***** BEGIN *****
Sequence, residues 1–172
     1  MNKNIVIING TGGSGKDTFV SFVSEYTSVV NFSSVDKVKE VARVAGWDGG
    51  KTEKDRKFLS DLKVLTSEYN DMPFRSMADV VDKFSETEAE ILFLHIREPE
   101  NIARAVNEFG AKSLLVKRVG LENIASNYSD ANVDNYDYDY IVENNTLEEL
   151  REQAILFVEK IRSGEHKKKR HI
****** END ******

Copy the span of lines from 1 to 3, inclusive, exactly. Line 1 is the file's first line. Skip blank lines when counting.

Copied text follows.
Sequence, residues 1–172
     1  MNKNIVIING TGGSGKDTFV SFVSEYTSVV NFSSVDKVKE VARVAGWDGG
    51  KTEKDRKFLS DLKVLTSEYN DMPFRSMADV VDKFSETEAE ILFLHIREPE